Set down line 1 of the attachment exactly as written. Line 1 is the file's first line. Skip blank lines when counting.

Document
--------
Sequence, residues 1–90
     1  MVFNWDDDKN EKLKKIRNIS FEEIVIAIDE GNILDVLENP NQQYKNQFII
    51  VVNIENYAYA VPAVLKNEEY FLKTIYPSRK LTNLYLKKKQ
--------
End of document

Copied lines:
Sequence, residues 1–90